Avoiding Shear Thickening

Many substances – like the cornstarch and water mixture above – exhibit a property called shear-thickening. In these fluids, deforming them quickly causes the viscosity to increase dramatically. That shear-thickening occurs when particles inside the fluid jam together, creating large chains able to resist the force being applied. That’s why the oobleck on this vibrating speaker can sustain these “cornstarch monsters”.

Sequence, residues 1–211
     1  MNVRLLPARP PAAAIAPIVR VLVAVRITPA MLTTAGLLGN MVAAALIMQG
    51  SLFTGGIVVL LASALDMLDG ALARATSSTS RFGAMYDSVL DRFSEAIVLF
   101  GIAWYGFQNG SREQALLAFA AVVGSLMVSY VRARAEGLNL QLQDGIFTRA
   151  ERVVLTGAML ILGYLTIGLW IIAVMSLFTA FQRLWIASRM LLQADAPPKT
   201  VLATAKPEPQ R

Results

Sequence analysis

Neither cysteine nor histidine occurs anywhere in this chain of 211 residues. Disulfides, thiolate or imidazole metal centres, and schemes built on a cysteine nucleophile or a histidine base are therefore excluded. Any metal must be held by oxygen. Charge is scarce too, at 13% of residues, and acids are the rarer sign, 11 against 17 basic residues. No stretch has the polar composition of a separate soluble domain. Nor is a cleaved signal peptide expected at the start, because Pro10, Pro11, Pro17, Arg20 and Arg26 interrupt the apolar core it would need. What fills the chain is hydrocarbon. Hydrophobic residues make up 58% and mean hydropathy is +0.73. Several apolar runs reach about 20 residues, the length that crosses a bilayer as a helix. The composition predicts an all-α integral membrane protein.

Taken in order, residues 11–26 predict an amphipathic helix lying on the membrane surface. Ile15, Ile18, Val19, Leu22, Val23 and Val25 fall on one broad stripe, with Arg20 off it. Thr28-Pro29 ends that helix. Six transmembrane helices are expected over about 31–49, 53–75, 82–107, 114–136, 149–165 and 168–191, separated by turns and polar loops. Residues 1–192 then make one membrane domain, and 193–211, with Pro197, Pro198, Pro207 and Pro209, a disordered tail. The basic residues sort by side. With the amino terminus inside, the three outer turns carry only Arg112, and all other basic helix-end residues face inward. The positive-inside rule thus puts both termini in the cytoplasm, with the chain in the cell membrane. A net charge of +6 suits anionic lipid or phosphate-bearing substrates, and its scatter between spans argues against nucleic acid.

Shear-thickening is useful in many contexts, but it’s problematic during manufacturing, when pumping these substances can become incredibly difficult due to the fluid’s innate resistance to flowing. A new study, though, finds that it’s possible to temporarily suppress shear-thickening using acoustic waves. The researchers used piezoelectric devices to generate acoustic waves at a frequency around 1 MHz while shearing the cornstarch mixture. The acoustic waves disrupt the formation of particle chains inside the mixture, keeping its viscosity 10 times lower than during regular shear-thickening. (Image credit: bendhoward, source; research credit: P. Sehgal et al.; submitted by Brian K.)

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